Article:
However, the phenomenon of young employees coming out to apply for DACA raises strategic and legal complications for employers seeking to maintain a legal workforce.

• Knowledge of Current Unauth-orized Status

When an employer has knowledge that one of its employees does not have authorization to work, it has an obligation to terminate or suspend the employment of that individual, pursuant to the Immigration Reform and Control Act of 1986 (IRCA). This obligation extends to situations where the employer, while not certain of the employee’s status, has “constructive knowledge” that the employee is not authorized to work. Thus, if an employee??requests a letter of employment to confirm his or her presence in the United States, and makes the employer aware that the purpose of the letter is to qualify for DACA, that employer now has constructive knowledge, if not actual knowledge, that the employee is not authorized to work in the U.S.

However, a simple request for an employment confirmation letter, without further elaboration as to the reason for the request, does not necessarily create “constructive knowledge,” since an employee may have many legitimate reasons for soliciting the letter. Accordingly, an employer may implement a standardized procedure for providing employment confirmation letters, where it is not specifically informed that the letter will be used by the employee to support a DACA application. In this manner, the employer can attempt to do the impossible: comply with its obligations under IRCA, while still preserving the legal rights of its employees.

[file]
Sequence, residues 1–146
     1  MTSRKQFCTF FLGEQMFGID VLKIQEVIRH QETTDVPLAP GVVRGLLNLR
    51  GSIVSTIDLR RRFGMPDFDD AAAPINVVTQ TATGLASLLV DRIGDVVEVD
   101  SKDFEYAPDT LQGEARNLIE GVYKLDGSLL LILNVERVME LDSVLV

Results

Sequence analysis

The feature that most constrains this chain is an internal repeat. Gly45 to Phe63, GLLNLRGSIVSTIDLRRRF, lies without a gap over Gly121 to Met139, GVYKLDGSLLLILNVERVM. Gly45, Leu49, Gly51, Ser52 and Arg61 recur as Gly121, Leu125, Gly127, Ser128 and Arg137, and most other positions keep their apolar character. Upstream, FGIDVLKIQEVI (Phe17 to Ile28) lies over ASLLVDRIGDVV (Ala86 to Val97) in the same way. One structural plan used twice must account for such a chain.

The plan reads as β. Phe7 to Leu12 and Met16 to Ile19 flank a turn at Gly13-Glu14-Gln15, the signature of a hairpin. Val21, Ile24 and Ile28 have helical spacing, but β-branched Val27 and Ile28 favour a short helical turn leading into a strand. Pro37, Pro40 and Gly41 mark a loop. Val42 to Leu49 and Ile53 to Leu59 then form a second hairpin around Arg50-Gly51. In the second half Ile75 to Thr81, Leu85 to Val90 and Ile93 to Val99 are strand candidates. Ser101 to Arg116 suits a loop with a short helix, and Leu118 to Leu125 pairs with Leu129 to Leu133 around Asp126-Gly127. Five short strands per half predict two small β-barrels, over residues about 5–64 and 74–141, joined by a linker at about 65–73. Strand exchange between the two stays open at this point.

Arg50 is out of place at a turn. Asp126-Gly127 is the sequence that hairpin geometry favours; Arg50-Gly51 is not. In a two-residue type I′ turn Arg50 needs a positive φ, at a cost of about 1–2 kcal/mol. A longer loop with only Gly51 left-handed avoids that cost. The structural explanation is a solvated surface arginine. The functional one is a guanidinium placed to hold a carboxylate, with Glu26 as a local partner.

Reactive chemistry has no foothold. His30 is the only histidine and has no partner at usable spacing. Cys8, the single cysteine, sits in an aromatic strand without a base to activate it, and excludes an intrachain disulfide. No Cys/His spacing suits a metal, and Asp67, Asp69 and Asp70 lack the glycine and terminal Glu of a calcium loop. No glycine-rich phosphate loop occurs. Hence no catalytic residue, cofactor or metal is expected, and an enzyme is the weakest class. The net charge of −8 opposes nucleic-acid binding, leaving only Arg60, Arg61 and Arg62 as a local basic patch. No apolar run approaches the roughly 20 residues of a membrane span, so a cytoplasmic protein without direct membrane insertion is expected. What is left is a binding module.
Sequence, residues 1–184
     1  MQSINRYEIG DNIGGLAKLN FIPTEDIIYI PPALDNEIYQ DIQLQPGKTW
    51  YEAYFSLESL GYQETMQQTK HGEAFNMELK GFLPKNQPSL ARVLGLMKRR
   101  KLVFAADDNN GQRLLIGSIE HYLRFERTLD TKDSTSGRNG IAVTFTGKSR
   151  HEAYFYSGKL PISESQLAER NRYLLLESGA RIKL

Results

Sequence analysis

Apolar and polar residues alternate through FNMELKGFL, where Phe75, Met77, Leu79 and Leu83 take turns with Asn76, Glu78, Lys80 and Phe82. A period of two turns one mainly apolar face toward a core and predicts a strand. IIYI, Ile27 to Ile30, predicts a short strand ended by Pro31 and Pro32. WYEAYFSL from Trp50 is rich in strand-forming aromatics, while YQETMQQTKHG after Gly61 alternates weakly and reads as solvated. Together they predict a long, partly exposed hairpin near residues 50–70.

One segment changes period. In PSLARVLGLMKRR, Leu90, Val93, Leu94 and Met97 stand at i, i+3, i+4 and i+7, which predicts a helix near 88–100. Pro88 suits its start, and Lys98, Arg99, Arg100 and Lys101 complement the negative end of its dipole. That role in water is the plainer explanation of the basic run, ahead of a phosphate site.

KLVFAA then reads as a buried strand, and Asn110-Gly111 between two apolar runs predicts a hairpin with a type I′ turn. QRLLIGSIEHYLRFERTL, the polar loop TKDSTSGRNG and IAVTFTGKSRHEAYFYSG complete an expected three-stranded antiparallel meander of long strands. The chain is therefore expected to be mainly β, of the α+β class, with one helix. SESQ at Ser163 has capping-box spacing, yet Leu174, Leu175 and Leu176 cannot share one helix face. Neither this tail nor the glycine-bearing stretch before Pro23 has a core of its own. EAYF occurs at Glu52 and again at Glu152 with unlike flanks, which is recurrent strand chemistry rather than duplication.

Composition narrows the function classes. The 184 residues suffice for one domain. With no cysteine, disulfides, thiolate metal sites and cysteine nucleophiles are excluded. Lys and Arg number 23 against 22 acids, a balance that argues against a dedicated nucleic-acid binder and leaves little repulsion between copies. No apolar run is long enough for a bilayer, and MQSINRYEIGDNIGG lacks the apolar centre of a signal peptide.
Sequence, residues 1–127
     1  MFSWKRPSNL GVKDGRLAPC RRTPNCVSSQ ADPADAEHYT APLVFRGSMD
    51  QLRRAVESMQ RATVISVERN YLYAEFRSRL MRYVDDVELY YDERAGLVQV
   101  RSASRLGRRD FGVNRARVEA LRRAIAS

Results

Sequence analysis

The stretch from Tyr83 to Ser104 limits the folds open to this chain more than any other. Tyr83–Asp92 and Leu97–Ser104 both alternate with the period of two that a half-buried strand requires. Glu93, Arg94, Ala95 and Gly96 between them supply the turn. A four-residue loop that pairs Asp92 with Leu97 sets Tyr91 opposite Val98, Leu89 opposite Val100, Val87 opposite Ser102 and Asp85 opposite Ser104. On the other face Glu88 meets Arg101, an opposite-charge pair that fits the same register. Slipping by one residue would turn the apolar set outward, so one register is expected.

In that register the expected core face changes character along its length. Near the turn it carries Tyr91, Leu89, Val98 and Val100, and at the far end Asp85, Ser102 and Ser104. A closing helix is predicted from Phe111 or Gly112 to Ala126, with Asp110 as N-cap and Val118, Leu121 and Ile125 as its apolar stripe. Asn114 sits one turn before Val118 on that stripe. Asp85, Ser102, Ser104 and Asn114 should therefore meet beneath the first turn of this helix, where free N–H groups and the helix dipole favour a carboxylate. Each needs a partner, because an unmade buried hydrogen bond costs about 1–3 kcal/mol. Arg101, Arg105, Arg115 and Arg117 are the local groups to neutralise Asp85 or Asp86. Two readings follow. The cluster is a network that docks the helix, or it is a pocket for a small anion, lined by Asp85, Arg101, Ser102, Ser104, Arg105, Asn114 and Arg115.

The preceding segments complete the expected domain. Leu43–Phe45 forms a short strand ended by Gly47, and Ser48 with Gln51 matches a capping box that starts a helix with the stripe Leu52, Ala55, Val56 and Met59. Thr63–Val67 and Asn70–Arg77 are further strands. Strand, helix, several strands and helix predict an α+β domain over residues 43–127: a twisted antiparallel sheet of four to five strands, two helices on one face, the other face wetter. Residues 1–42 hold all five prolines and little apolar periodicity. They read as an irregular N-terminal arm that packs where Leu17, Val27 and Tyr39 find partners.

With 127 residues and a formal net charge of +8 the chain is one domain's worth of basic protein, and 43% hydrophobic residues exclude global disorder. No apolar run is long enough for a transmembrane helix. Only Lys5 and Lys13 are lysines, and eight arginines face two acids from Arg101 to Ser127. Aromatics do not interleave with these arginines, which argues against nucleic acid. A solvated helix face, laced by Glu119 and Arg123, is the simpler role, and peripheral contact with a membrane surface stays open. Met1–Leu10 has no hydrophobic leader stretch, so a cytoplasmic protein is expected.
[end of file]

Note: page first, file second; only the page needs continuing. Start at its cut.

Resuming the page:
United States Citizenship and Immigration Services (USCIS) has confirmed that when businesses provide employment verification letters to DACA applicants, this information would not be shared with other enforcement authorities “unless there is evidence of egregious violations of criminal statutes or widespread abuses.”??DHS spokespersons have assured the public that the agency is not interested in investigating applications unless there is a “widespread pattern and practice of unlawful hiring.” Businesses quoted in the press, have not been reassured by these government statements.

• Knowledge of Former Unauthorized Status

Another consequence of DACA is that an employee may present her employer with an Employment Authorization Document issued pursuant to the DACA program, requesting that her records be updated. By doing so, the employee may de facto be confirming??that documentation previously presented at the time of hiring was false and that, until now, she was not authorized to work in the United States.

It is well established under U.S. immigration law that an employer may continue the employment of such an individual after updating records and correcting past filings, as she is now legally authorized to work. However, if the company has an “honesty” policy, it may need to terminate this employee to avoid a claim of discrimination by other employees who were terminated based upon the “honesty” policy. In addition, the DOJ’s Civil Rights Division warns that it will investigate whether an employer’s “policy” is consistently applied to employees who make false representations on their applications for employment, without regard to citizenship status or perceived national origin, in order to ensure that this is not merely a pretext for citizenship status discrimination.